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Communications 150

April 1, 1999

Announcements:  None.

Lecture Notes:

I.  Blacklisted Writers/Independent Film: Salt of the Earth

  • This film was made by blacklisted personnel
  • It was about a labor strike that was actually occurring at the time and place in which the movie was shot, so it was very controversial
  • In a mining union in New Mexico, the Mexican-American laborers were being paid less than their white counterparts
  • Clip:  The Mexican Americans were banned from picketing at work, so they sent their wives to go in and picket for them.
    • This went against the grain of how women were usually portrayed in movies of this time (domestic)
  • The film was distributed outside of the Hollywood mainstream
  • Made under very stressful conditions
  • The lead actor was deported back to Mexico in an attempt to stop the movie from being made

II.  The HUAC and Elia Kazan: On the Waterfront

  • Autobiographical drama about how Kazan felt about HUAC
  • The waterfront union represented HUAC
  • He remained leftward in his beliefs, but still upheld the tenets of Hollywood and democracy
  • His movies brought realism to Hollywood:  degradation of the common man
  • He realized pro HUAC sentiment in Hollywood was threatening his career
  • On the Waterfront is a documentary representation of class politics
  • Kazan attempts to show exploitation and corruption of the New Jersey waterfront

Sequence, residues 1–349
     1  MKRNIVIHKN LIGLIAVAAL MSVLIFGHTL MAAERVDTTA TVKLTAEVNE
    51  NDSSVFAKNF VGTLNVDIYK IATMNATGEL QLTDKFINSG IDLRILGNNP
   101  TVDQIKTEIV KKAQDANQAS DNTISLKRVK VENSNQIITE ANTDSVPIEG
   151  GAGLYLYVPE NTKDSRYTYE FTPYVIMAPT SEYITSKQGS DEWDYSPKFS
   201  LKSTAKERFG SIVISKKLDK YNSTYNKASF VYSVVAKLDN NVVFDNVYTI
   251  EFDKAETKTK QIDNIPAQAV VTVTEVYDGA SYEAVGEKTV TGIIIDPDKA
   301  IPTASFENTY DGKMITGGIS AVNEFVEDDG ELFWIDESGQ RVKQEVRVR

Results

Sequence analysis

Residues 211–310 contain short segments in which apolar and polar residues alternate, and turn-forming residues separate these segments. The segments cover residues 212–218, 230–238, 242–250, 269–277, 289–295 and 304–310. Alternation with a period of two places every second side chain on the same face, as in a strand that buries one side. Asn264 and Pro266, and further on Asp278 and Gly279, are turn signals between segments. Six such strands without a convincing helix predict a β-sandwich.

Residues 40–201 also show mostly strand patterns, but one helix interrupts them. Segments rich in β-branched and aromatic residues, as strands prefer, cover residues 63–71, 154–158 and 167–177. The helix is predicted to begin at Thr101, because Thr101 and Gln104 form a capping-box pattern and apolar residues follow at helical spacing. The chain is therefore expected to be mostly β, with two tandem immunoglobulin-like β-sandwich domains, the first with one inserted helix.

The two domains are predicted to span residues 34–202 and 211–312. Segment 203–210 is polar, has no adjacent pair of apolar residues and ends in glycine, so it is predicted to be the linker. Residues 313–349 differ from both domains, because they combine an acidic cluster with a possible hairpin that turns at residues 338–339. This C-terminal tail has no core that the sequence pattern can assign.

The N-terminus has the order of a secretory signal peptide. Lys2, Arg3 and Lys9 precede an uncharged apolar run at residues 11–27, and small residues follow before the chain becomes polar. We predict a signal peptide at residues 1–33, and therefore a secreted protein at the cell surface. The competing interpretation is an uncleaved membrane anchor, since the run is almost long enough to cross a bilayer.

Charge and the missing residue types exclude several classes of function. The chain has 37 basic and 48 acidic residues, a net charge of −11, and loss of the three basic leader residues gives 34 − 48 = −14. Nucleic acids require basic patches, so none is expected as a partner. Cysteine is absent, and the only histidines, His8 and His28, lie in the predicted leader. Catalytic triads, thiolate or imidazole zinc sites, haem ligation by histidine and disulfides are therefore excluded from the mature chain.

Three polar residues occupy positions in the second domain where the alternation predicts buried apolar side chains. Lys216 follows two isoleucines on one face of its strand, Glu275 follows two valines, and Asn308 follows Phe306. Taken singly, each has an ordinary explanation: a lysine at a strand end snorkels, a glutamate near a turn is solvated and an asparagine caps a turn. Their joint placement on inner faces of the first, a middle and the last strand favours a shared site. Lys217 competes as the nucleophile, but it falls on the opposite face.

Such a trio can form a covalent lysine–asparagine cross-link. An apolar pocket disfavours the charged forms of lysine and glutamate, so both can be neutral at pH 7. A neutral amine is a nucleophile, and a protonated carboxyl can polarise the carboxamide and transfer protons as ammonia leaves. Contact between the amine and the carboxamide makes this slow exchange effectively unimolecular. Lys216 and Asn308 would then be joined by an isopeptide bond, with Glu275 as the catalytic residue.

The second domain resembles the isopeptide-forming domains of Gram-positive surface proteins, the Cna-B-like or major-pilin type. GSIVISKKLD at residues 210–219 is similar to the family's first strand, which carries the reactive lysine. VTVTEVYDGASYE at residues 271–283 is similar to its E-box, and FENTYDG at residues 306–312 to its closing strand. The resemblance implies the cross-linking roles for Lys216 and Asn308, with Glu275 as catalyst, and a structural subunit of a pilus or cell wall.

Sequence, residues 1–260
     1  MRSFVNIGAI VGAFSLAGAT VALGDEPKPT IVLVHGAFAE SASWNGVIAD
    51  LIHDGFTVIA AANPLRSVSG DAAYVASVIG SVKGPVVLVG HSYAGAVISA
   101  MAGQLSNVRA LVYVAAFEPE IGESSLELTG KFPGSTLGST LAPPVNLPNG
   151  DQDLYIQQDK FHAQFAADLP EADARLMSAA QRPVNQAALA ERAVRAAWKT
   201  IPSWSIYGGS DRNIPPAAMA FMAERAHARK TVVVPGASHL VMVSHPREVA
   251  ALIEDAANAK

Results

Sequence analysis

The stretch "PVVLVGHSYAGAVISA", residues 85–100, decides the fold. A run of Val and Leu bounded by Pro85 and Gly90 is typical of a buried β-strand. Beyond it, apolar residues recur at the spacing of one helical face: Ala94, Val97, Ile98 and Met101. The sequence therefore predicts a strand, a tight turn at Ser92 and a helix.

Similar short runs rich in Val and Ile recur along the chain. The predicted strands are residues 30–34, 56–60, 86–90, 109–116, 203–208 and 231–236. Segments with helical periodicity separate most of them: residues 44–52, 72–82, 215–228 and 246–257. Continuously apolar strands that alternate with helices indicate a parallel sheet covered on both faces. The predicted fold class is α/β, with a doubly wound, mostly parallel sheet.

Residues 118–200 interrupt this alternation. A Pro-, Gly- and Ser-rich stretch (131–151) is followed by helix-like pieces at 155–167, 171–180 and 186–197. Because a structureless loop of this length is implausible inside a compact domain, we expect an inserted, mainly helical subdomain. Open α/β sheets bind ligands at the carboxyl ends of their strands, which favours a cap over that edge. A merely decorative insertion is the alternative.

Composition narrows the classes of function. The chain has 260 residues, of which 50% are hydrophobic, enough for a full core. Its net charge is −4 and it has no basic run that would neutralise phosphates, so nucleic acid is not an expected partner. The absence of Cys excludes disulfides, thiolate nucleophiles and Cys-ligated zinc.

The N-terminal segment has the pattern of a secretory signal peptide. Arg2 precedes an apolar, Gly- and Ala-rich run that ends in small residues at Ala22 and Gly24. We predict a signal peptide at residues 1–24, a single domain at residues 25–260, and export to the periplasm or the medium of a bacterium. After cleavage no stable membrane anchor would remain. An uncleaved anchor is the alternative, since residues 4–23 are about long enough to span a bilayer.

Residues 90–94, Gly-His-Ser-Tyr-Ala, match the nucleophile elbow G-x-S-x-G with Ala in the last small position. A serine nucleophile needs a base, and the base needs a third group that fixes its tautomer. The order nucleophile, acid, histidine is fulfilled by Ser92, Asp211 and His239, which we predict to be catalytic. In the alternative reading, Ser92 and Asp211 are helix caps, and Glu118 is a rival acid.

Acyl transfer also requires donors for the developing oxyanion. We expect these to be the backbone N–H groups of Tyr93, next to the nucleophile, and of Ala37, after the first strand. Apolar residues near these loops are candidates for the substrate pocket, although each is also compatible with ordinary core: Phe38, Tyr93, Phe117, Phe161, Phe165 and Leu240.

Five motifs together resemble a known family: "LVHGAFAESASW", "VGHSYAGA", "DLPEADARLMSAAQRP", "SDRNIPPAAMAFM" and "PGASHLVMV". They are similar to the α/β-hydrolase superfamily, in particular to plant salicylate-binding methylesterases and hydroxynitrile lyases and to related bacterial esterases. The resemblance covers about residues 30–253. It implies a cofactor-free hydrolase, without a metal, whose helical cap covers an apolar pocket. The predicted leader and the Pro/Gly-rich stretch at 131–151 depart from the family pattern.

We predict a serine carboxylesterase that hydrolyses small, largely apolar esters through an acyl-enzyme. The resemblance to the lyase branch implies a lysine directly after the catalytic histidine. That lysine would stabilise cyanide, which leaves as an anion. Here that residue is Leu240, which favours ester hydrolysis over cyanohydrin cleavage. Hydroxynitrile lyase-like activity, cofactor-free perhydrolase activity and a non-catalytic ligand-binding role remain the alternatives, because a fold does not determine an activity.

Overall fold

• In the late '50s, the power of HUAC had declined, but Americans continued to fight the Cold War
    • Every war since WWII, people either viewed it as a victory for the U. S., or a victory for the USSR
  • Several themes in On the Waterfront
    A.  The Informer as Hero
  • Terry Malloy is a stand-in for Kazan
  • American institutions are not perfect, but capable of addressing failures
  • Terry goes through a moral awakening, sense of Christian duty
  • When he confesses, he is the informer, and the informer is a hero
     B.  The Melting-Pot Message
  • The old world ties Terry had to the waterfront represent the ties typical in the pre-WWII era, ex.  ties of ethnic loyalty
  • After WWII, the state took a visible role in integrating urban ethnics into middle-class suburbia
    C.  Community as Nation
  • Terry replaces his ethnic ties of brotherhood to his brother, Charlie, with ties to the community and America
  • He is associated with the ideas of moral absolutes, right and wrong
  • He forms a new sense of family with the community
    D.  Christian Brotherhood
  • Father Beri was an agent of reform
  • He thought Terry needed to do his duty as a citizen
  • The protections of the First Amendment were guaranteed freedoms, therefore there was no need for ethnic associations

III.  The Reagan Eighties:  Invasion USA

  • Cold War tensions were brought up again with the Soviet invasion of Afghanistan
  • In Invasion USA, the US is invaded by foreigner, coded as Soviets
  • Clip:  Soviets attack a mall, and one man defends everyone against them
  • The scene in the mall establishes American affluence and consumerism
  • Made for a world-wide audience
  • Shows the world American excess through violence and destruction of material objects

IV.  Post Cold War Era

  • The rise of Gorbachev
  • 1990, relaxation of the tension of the Cold War
  • Hunt for Red October
    • A Soviet military commander (Sean Connery) is commanding a sub
    • Audience does not know until the end of the movie if he is coming to the US to attack, or if he is defecting from the Soviet Union to the US
    • Once again, hardened Communists are attracted to American capitalism

Information contained on this page does not represent the lecture verbatim.
These notes are not a substitute for class attendance.

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